BARCELONA, Spain — Intel kicked off MWC 2019 announcing a high-profile customer — Ericsson — and new products for 5G and edge computing.
Ericsson will use Intel’s 10-nanometer (nm) system-on-chip (SoC) wireless access product, code-named Snow Ridge, for its 5G base station product lines.
Intel unveiled Snow Ridge, which is aimed for initial market introduction by the end of 2019, last month. The new chips target data center servers and 5G wireless access base stations. Today, the company said Ericsson is using Snow Ridge as a component along with its custom silicon to deliver RAN compute products.
Snow Ridge is “specifically designed for wireless access and networking workloads,” said Sandra Rivera, Intel senior vice president and general manager of its Network Platforms Group. The product’s new capabilities “focus on high-performance control plane processing and packet processing in a small footprint and a power-constrained envelope that allows us to reach into these platforms and applications that historically we have not participated in.”
ZTE is also using Snow Ridge in its 5G solutions, Rivera said.
Intel 5G, Edge Products
The chip giant also today announced its new FPGA Programmable Acceleration Card N3000 (FPGA PAC N3000) for telecommunications service providers’ 5G use cases. This new platform enables high-throughput, low-latency, and high-bandwidth applications. Telcos can use it to accelerate virtualized workloads, including 5G radio access networks (RANs) and core network applications.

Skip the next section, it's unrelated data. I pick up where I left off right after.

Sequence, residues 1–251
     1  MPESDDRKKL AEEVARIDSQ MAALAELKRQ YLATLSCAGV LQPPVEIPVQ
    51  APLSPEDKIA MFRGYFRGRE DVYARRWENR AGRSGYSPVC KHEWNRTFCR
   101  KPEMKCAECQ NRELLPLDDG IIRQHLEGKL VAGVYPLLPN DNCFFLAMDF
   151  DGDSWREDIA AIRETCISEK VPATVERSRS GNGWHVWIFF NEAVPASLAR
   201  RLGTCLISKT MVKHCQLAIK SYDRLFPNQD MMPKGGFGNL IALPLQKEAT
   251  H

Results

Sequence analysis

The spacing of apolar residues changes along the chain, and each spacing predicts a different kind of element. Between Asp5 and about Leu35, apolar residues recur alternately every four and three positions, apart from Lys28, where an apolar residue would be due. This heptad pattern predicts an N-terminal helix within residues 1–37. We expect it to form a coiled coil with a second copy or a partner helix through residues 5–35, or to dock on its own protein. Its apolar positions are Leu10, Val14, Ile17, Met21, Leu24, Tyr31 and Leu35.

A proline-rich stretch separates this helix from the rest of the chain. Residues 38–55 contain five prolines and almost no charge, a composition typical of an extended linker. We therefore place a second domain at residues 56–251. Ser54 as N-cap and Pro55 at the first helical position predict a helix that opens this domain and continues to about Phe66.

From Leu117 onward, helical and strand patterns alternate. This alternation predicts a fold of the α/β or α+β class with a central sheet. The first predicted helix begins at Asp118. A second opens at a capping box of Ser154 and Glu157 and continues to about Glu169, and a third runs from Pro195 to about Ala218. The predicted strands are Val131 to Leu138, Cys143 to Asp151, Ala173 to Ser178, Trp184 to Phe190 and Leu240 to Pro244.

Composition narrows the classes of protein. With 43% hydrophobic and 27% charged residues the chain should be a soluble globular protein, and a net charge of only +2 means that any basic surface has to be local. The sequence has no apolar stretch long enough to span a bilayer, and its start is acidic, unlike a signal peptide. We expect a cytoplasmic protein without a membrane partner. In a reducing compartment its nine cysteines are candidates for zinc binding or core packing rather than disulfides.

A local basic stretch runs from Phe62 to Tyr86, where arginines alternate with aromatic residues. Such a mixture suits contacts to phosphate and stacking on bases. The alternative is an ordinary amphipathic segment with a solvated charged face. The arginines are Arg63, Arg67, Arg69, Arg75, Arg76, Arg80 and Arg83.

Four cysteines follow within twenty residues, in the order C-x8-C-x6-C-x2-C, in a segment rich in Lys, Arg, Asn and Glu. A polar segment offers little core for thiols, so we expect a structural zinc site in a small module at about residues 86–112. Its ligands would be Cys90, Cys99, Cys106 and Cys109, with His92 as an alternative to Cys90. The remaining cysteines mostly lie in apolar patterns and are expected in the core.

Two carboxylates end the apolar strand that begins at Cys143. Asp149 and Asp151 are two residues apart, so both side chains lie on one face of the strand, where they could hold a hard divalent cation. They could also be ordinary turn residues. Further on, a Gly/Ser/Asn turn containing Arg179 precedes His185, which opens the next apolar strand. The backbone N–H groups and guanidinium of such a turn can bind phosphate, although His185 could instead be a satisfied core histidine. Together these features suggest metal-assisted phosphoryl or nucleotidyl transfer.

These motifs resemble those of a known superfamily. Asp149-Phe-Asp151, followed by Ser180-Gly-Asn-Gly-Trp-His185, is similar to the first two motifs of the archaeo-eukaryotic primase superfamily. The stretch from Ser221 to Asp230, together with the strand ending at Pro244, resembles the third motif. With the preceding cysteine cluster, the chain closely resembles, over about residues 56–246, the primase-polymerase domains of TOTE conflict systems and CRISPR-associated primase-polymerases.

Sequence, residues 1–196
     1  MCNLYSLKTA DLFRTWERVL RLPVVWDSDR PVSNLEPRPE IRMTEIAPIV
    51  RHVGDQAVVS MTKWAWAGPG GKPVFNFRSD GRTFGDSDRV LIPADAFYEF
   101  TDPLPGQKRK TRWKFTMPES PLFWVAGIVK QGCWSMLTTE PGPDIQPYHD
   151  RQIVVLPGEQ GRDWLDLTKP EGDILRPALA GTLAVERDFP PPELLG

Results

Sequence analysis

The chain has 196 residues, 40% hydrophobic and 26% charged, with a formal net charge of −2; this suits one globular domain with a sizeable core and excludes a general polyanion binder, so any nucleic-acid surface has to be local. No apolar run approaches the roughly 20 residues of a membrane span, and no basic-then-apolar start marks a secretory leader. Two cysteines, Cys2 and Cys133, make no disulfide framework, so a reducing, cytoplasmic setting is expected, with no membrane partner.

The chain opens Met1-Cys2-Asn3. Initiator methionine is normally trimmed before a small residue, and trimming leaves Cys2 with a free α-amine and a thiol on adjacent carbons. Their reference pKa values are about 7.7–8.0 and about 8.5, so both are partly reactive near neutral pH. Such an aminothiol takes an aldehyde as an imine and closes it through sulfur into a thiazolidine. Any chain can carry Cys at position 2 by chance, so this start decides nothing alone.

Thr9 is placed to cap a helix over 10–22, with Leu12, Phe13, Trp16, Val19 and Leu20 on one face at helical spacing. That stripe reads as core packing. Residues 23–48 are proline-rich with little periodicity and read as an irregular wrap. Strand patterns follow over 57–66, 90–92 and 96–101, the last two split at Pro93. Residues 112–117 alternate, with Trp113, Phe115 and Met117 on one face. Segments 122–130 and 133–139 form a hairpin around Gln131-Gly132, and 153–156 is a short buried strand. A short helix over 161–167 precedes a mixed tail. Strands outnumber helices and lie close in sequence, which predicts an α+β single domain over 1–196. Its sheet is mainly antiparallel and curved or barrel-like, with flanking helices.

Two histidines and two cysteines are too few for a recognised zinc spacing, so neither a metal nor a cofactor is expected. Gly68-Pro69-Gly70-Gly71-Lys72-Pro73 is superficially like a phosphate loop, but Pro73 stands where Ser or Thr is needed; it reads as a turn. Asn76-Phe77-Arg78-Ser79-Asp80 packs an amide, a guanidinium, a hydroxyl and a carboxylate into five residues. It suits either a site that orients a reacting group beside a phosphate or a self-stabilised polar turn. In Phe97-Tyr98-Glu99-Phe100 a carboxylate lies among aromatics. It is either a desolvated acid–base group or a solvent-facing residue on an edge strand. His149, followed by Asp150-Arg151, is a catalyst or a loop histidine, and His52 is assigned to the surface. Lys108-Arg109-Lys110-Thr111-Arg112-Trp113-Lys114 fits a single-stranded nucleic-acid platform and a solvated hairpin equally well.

For example, Affirmed Networks, using Intel’s new FPGA PAC, developed a 200 Gb/s server for 5G core network (CN)/evolved packet core (EPC). It uses FPGAs for smart load balancing, and CPU cache optimizations enhance software performance.
Additionally, Japan’s Rakuten is including Intel x86 processors and FPGA-based PAC in its new cloud-native mobile network. Intel FPGA PAC N3000 is the distributed unit accelerator next to Intel Xeon Scalable processor where Layer-1 functions, such as forward error correction and front haul transmission, are offloaded onto an Intel FPGA. The Intel FPGA accelerates processing efficiency.
Intel also today previewed its upcoming next-generation of Xeon Scalable processor, code named Hewitt Lake. Hewitt Lake is a highly integrated SoC designed for edge computing as well as security and storage applications in locations that typically face both power and space constraints. “This allows us to get to the edge of the network where you have a need for high-performance computing and you want to have headroom for different applications,” Rivera said. “[Customers] may lead with a security or storage workload but then want to be able to host multiple applications.”
And finally the chip giant rolled out the Open Network Edge Services Software (OpenNESS) toolkit, an open source reference software that Intel says will help cloud and IoT developers work with 5G and edge hardware and software vendors on new edge applications and services. It aims to simplify network complexity for developers and enables secure on-boarding of edge services.
Photo: Sandra Rivera (center), Intel senior vice president and general manager of the Network Platforms Group, tours Intel’s booth at MWC. Credit: Intel Corporation